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Speech hails spirit to fight aggression

By Prime Sarmiento in Hong Kong and Karl Wilson in Sydney | China Daily Global | Updated: 2020-09-07 09:54

President Xi Jinping addresses a symposium commemorating the 75th anniversary of the victory of the Chinese People's War of Resistance Against Japanese Aggression and the World Anti-Fascist War in Beijing, capital of China, Sept. 3, 2020. [Photo/Xinhua]

History of pain and oppression drawn on as lesson for peace, progress, experts say

A speech last week by China's President Xi Jinping on resisting Japanese aggression was not only about the Chinese will to carry on the spirit of resisting aggression and following a unique path to prosperity, but also about unity in the face of disruptions to global peace, analysts say.

In the speech, at a symposium in Beijing on Thursday commemorating the 75th anniversary of the victory of the Chinese People's War of Resistance Against Japanese Aggression and the World Anti-Fascist War, Xi stressed carrying forward in the new era the great spirit of resisting aggression and striving to achieve national rejuvenation.

Oh Ei Sun, senior fellow at the Singapore Institute of International Affairs, said Xi's speech was about "avoiding the recurrence of a war just like what happened in World War II".This can be done by "strengthening people-to-people bonds across the national border, which is one of the main themes of the Belt and Road Initiative".

Commenting on Xi's speech, Emeritus Professor Colin Mackerras of Griffith University, one of Australia's leading Sinologists, said China had modernized more than any other country over the past 75 years since 1945, when it achieved victory over Japanese aggression.

Xi said the war was the Chinese people's longest and largest fight against foreign aggression in modern times and came with the greatest sacrifice but led to the Chinese people's first complete victory in national liberation.

The great victory was a historic turning point in which the Chinese nation rose from severe crisis in modern times and embarked on a journey toward great rejuvenation, Xi said.

Mackerras said China has gone "from a poor, oppressed country, destroyed by war and destitution to an economic and strategic powerhouse, with confident and prosperous people proud of their country and its achievements".

"China is unique in history for its speed of economic modernization and its rise. In my opinion, the ones who deserve credit for China's rise are the Chinese people and the Chinese Communist Party. We know that the Chinese people are a hardworking people with great confidence and stamina."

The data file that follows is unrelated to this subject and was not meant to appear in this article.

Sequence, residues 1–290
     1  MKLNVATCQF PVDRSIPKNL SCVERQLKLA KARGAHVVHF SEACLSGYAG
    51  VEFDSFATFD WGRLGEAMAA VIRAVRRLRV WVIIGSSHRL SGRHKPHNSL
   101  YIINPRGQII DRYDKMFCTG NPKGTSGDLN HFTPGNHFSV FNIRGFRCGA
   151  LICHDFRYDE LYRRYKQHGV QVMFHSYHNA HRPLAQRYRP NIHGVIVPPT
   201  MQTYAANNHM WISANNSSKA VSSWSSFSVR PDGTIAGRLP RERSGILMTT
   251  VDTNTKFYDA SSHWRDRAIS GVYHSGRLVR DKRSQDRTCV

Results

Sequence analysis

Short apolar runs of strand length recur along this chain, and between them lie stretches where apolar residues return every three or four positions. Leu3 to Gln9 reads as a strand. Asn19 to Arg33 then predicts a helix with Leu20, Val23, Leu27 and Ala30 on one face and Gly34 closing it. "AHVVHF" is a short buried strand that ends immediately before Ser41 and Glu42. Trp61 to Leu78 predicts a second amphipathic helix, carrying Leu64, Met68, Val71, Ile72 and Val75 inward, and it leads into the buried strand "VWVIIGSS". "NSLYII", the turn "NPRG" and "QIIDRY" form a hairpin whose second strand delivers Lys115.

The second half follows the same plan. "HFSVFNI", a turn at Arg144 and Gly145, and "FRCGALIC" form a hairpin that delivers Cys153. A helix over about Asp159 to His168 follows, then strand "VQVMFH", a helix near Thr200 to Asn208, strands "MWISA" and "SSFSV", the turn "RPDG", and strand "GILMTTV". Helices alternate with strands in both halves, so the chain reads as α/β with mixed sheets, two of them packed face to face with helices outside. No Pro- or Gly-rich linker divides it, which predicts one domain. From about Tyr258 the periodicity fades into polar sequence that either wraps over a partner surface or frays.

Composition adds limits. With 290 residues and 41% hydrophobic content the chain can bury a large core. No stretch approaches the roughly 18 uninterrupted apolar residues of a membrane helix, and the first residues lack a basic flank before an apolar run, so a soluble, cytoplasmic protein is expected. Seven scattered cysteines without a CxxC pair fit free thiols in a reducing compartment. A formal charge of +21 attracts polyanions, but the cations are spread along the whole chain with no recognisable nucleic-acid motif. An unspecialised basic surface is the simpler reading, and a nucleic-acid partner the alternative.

However, they definitely need leadership, he said.

"We can see many periods in the past when they have been bowed down, impoverished and humiliated. What separates all but four of the years since 1945 has been the leadership of the Chinese Communist Party. So I think it is reasonable to give credit to the Chinese people under the good and effective leadership of the Chinese Communist Party."

Mustafa Izzuddin, senior international affairs analyst at the political consultancy firm Solaris Strategies Singapore, said Xi's speech is also a reminder that China is united, stable and is an important player in international affairs.

The speech is in line with what Xi has been saying, "which is to look at the events of the past to remind Chinese citizens that it's important to have a strong domestic core", Izzuddin said.

"Xi is using the lessons of history to ensure that the painful event won't be repeated."

Xi's speech is a rallying call to Chinese people to remember what happened in the past and how they can overcome difficulties, Izzuddin said. They need to be strong within to be able to keep China safe and secure, in the face of many challenges.

Aaron Jed Rabena, a research fellow at the Asia-Pacific Pathways to Progress, a foreign policy think tank in Manila, echoed that idea, saying he thinks "President Xi is trying to draw an analogy" from the past.

Christopher Bovis, a professor at the University of Hull in England, said China's celebrations symbolize remembrance, appreciation and commemoration of national pride and resilience against oppression and aggression.

National rejuvenation

President Xi has praised the patriotism, character and spirit of Chinese people and heralded their victory as a point of national rejuvenation.

"In the current challenging and difficult times, when the pandemic has severely affected the world, and China is constantly subjected to trade wars, the celebrations against the aggression of foreign forces represent a signal of motivation of the Chinese people to overcome difficulties and achieve national unity."

In a heartfelt message the China's leader has successfully touched the people of his country and reached with sincere appreciation to foreign governments for their support in the victory against fascism and totalitarianism, Bovis said.

"The celebrations reflect a turning point in the nation's pride for national liberation and its rise from severe crisis to a leading global economic power."

Rana Mitter, professor of the History and Politics of Modern China, University of Oxford, said the War of Resistance showed that China was able to bring its people together to fight back against an invasion that threatened its sovereignty and integrity.

"China made a major contribution to the Allied victory, and the resistance and sacrifice of its people was crucial. Today one of the most important legacies of that war is the United Nations; it is essential that all the former wartime Allied powers do their best to preserve and cherish this crucial postwar institution."

Wang Mingjie and Bo Leung in London, Chen Yingqun in Beijing and Xinhua contributed to this story.

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